WASHINGTON Federal banking regulators are exploring whether to exempt collateralized debt obligations backed by trust-preferred securities from the Volcker Rule, the agencies said on Friday.
The announcement was the most recent in a rapidly developing stand-off between banks and regulators over the controversial rule, which is designed to ban proprietary trading and prevent banks from investing in hedge and equity funds.
The issue has already sparked a lawsuit by the American Bankers Association, which is seeking emergency court relief before some community banks may be forced to take millions of dollars in write-downs on certain CDOs at yearend. Regulators are due to respond to that lawsuit by Monday morning.
Prior to that, however, the agencies acknowledged Friday they are looking to see whether it would be "appropriate and consistent" with the Dodd-Frank Act to carve out all CDOs backed by Trups from the Volcker Rule.
"The agencies intend to address the matter no later than January 15, 2014," the regulators said. "The accounting staffs of the agencies believe that, consistent with generally accepted accounting principles, any actions in January 2014 that occur before the issuance of Dec. 31, 2013, financial reports should be considered when preparing those financial reports."
At issue are whether banks are required to shed CDOs that are made up of trust-preferred holdings and how quickly. Under the final Volcker Rule issued two weeks ago, regulators said that certain CDOs that relied on a particular legal exemption from investment registration might be restricted.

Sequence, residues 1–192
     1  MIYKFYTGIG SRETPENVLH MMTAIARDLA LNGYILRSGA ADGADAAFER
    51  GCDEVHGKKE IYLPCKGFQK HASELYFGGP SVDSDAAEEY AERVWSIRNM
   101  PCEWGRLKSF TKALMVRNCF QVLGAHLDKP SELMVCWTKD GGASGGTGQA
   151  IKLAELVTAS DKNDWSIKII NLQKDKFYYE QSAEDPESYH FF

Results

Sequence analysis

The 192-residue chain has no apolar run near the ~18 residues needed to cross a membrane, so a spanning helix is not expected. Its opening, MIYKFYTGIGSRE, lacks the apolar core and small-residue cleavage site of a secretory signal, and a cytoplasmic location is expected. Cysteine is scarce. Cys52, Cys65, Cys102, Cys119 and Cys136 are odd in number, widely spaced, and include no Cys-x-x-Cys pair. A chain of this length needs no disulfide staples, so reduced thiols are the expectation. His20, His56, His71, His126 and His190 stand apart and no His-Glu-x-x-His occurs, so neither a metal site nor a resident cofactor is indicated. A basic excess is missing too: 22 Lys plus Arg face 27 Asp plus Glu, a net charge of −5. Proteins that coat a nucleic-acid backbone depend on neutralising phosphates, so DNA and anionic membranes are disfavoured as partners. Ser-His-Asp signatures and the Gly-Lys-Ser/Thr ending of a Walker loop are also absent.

As a result, at least three banks said they would have to write down or sell such assets immediately, potentially at a substantial loss, despite the fact that the Volcker Rule does not go into effect until July 2015. Zions Bancorp. in Salt Lake City said it may take a $387 million charge on its portfolio of CDOs.
The problem is primarily accounting-related. If these Trup CDOs are covered by the Volcker Rule, banks could no longer treat them as available-to-maturity securities, starting by the end of the fourth quarter. Instead, they would have to mark them as available-for-sale, taking significant write-downs in the process.
The ABA filed a lawsuit on Tuesday against the regulators, asking the court to delay implementation of the Volcker Rule as it relates to CDOs backed by Trups. If granted, that would allow banks additional time to convince regulators to exempt such obligations from the Volcker Rule.
In their release, the regulators said they "understand that the investments and capital levels of a number of these organizations might be adversely affected if pooling vehicles formed for the purpose of holding Trups are treated as covered funds."
They noted that many banks feel the Volcker Rule provision covering Trups-related CDOs conflicted with another part of Dodd-Frank which specifically grandfathered trust-preferred securities for banks with less than $15 billion of assets for certain capital requirements.
"The agencies are therefore evaluating whether it is appropriate not to cover pooling vehicles that invest in Trups in order to eliminate restrictions that might otherwise have consequences that are inconsistent with the relief Congress intended to provide community banking organizations under section 171(b)(4)(C) of the Dodd-Frank Act," the regulators said.
It was not immediately clear whether the announcement Friday would be sufficient for the ABA.
Regulators are clearly trying to convince banks that they do not need to take write-downs at the end of the fourth quarter while the issue is still being debated. However, bankers fear accountants and auditors may take a different view and conclude banks acted inappropriately by putting off a decision.